Malkus is excited at the prospect of what vouchers couldn’t quite deliver– “a fully-functioning education marketplace.”
I’m not sure that’s so exciting for anyone except the vendors who want to cash in on that “vibrant marketplace.” Malkus recognizes some key questions, but he overlooks a few more keyer questions along the way. Let’s take his questions first.
A key question is whether ESA funding can provide choice for all students. ESAs are state programs and thus only transfer the state’s share of per-pupil public school funding to parents, but not funds from local or federal sources.
In other words, ESA funding will not get a poor student with no other resources into a fancy private school, nor allow them to assemble a piece-by-piece education program that would rank with what wealthy families could purchase from top vendors. But that is really only half of this key question, because one thing free and vibrant markets are really lousy at is providing services or goods for ALL customers. The most fundamental task of any responsible vendor of anything is to sort potential customers into two basic piles– worth the bother, and not worth the bother. My go-to example– FedEx and other private package delivery services do not compete for customers in isolated rural expensive-to-serve areas– they just hand the package off to the United States Postal Service.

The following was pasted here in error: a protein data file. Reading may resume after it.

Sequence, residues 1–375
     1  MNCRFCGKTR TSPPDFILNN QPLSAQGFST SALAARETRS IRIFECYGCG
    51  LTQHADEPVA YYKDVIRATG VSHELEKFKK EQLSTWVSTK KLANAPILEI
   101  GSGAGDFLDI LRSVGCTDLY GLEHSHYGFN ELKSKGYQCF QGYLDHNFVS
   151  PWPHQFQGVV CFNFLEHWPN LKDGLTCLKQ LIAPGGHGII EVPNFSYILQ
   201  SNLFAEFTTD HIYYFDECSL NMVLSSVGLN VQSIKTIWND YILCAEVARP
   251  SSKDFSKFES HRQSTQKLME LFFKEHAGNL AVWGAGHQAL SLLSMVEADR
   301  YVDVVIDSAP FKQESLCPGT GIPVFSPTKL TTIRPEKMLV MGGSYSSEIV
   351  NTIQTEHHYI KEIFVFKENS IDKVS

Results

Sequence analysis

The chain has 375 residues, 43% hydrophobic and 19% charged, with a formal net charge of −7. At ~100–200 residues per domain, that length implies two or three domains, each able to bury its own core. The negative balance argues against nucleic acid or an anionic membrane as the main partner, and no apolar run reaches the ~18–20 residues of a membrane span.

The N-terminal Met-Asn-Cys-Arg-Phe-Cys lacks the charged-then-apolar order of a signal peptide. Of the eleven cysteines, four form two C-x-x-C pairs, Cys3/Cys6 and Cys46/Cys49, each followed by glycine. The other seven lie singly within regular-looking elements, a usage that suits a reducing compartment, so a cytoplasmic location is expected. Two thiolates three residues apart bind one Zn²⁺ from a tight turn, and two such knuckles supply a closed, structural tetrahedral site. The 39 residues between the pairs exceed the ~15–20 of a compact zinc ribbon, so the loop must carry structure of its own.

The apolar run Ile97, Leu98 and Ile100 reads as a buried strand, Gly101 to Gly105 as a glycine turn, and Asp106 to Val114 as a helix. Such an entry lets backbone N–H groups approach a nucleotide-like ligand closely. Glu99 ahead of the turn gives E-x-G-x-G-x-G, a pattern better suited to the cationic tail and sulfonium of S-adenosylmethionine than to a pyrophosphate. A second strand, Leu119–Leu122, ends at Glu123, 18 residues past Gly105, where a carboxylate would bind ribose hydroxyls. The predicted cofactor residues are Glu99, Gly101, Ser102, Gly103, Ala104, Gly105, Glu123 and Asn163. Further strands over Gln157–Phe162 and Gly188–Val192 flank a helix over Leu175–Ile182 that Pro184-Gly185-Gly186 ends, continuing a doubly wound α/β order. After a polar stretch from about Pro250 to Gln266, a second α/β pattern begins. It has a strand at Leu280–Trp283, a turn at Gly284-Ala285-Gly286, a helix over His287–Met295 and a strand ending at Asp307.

In short, a fully-functioning free-market education marketplace will not serve all students. Furthermore, vendors will choose which customers they wish to serve, and not vice versa. In a free market, somebody is always left behind, and that would mean a complete change of the philosophy behind American public education. It’s absolutely true that some public schools have not always met this particular ideal, but to shift to pure choice means we give up even trying– unless you want to regulate the choice system in such a way as to insure coverage of everyone, which seems to run counter to the ideal of a vibrant marketplace. And that’s my point– vibrant marketplace and education for everyone are buildings sitting on two entirely different foundations.